Walking Together in a Good Way

Kathy Root Parr and Ruthe Murphy

With all the issues facing us today, why is it important to stay focused on Indigenous issues? And why is it especially important for those of us who claim to be followers of Jesus to focus on these issues?

In Luke 4:18, Jesus was clear why he came: “… to bring Good News to the poor, … to proclaim that captives will be released, that the blind will see, that the oppressed will be set free…”  Jesus commands us to follow his example.

When the survivors and others affected by Indian Residential Schools took Canada to court and won, as part of the judgement, the government was ordered to set up the Truth and Reconciliation Commission. The TRC’s mandate was to inform Canadians about what happened in Indian Residential Schools and document the truth from survivors, their families and communities of the past and ongoing impact of those experiences. At the completion of its work, the TRC issued 94 Calls to Action clearly stating the changes required to begin to address the damage. After seven years, little has been done.

Over 9,000 unmarked burial sites have been found on a small number of the 139 Residential School properties. In 2021 there were 71 communities under drinking water advisories. People in Indigenous communities are living in sub-standard and deplorable housing. Our healthcare system still treats Indigenous people very differently, often with tragic results. Our education system chronically underfunds Indigenous compared to non-indigenous education. Often children from Grade 9 onward must leave their homes and communities to attend high schools in strange cities. Our legal system is systematically prejudiced and overly harsh with indigenous offenders even though, according to the Gladue Report (1999), courts are required to take generational trauma into consideration. Nearly 30% of people in custody in Canada are Indigenous, but are only 4% of the population. The child welfare system continues to take children from their families, communities and culture. Although Indigenous children make up only 8% of the child population, in March of 2020, 69% of children and youth in care were Indigenous.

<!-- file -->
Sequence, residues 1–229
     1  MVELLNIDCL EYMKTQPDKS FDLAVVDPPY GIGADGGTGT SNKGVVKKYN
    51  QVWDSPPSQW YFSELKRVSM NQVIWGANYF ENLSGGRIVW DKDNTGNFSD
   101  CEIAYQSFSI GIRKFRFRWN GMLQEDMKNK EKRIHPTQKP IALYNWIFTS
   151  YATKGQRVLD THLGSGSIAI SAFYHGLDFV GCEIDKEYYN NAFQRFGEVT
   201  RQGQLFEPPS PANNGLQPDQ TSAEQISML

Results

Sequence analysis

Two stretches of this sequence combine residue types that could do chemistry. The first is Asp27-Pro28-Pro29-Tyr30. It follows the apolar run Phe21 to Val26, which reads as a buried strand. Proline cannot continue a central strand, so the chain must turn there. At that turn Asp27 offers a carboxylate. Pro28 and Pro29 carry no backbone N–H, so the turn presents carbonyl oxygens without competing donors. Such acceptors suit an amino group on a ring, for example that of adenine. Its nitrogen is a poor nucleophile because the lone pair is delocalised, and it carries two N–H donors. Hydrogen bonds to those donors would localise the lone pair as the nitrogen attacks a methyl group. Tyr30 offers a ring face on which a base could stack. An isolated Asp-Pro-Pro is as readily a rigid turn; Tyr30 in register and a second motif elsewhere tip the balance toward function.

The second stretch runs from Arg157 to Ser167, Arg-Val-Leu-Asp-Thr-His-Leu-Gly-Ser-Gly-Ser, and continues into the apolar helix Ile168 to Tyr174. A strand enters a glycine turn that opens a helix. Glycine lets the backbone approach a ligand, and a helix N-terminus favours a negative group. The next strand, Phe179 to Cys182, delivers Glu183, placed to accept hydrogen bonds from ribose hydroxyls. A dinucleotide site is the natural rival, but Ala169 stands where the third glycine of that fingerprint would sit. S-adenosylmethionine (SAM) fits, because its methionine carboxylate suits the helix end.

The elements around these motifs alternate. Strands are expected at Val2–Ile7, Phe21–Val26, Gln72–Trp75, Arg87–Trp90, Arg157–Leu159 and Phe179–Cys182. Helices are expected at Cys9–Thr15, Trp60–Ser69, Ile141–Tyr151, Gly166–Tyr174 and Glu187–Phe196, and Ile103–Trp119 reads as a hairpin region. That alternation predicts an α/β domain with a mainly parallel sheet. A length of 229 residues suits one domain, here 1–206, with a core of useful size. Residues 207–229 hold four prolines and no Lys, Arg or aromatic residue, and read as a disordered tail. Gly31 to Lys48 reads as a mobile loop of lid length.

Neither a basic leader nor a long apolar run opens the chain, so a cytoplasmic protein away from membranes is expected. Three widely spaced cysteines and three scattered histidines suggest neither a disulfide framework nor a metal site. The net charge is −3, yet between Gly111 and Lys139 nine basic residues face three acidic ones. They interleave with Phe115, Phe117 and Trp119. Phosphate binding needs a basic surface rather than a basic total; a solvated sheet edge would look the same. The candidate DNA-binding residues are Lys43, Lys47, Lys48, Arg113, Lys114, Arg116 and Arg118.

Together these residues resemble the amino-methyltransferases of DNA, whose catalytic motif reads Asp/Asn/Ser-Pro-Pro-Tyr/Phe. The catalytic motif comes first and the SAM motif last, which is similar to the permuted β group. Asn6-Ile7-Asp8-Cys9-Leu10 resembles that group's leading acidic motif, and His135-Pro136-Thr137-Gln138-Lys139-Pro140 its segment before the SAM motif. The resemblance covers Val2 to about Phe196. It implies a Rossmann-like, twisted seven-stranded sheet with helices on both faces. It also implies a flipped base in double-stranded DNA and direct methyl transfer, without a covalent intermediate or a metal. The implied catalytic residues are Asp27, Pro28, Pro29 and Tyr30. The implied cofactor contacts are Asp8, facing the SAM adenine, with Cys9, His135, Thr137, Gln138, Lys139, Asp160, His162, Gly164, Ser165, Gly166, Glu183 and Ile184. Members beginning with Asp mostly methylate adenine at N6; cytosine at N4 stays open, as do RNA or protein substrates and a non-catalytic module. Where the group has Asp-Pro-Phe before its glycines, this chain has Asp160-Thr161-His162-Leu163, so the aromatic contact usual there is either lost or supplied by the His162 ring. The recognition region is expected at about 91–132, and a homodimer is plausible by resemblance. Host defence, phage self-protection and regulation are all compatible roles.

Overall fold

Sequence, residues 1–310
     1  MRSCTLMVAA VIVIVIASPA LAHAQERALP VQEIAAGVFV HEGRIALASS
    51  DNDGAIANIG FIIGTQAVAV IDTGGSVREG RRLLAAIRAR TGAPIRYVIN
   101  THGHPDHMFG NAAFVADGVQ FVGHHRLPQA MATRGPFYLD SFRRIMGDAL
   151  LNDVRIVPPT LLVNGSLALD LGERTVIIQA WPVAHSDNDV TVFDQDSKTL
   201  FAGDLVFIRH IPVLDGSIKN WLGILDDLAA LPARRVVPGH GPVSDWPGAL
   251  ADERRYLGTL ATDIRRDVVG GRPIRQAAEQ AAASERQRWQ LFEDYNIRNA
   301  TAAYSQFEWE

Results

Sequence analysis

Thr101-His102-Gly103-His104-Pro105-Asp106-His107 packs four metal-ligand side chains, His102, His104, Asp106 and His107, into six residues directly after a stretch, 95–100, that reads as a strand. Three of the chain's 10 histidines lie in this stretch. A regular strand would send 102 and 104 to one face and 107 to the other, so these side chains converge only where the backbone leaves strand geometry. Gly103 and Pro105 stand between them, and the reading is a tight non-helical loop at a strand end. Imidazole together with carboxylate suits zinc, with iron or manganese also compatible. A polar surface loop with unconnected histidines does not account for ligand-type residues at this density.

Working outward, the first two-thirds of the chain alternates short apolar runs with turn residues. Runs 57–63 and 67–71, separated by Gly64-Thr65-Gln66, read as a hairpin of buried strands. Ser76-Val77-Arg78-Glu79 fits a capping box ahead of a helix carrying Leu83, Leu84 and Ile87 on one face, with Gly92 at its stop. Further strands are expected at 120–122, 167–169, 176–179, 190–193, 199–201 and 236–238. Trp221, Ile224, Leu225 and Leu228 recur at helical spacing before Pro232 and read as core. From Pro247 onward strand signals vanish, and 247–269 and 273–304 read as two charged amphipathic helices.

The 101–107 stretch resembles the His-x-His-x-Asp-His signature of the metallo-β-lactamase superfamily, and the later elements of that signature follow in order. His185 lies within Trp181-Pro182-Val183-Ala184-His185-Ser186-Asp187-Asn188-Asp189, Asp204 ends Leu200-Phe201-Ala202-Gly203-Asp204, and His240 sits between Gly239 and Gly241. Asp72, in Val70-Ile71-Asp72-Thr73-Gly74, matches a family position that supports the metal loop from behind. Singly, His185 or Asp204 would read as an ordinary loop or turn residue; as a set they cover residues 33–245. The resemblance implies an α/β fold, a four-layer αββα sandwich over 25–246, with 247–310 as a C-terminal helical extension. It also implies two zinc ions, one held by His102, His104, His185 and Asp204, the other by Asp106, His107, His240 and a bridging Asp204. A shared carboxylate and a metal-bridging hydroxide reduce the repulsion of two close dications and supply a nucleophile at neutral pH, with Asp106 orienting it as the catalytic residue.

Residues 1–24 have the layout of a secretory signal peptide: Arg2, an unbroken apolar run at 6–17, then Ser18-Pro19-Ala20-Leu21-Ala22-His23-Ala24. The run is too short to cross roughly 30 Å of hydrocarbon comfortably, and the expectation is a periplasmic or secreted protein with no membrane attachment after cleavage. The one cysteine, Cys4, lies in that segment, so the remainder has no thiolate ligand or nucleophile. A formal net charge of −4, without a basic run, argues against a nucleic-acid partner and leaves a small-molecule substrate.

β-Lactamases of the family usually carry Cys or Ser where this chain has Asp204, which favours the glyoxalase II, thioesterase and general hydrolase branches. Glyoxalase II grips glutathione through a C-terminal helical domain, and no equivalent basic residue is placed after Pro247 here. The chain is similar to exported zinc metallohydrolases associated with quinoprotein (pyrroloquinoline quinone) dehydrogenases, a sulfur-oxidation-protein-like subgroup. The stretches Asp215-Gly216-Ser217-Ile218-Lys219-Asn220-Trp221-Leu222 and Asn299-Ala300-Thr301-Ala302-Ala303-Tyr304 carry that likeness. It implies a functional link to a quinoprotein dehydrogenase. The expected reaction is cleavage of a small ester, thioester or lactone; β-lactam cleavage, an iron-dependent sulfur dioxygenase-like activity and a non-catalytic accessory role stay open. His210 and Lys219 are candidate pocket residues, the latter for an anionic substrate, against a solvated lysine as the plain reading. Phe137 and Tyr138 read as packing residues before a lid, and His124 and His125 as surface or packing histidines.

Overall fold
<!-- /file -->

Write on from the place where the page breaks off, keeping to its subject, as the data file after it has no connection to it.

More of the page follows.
We are called to be light and truth in a world that is sometimes very dark. Our efforts can seem inconsequential. It can be pitch black but if you light one match, the darkness is displaced. The more lights the bigger the impact on the darkness.

Jesus told the story of the Good Samaritan to illustrate what one person can do when they encounter wrong. The people who represented religious communities did nothing and pretended not to see. The Samaritan not only helped the injured man at the time, but left money to care for him going forward. Involvement is to be ongoing until the issue is resolved.

Walking Together in a Good Way (September 23-25, 2022 at Westview Baptist Church in London) is an opportunity to listen to and learn from Indigenous elders, teachers, healers, leaders, and others. Reconciliation requires truth. We need to know and understand what Indigenous people want and need and how we can join with them and support them to achieve those things.

Come, listen and learn. Everyone can be part of the solution.

 

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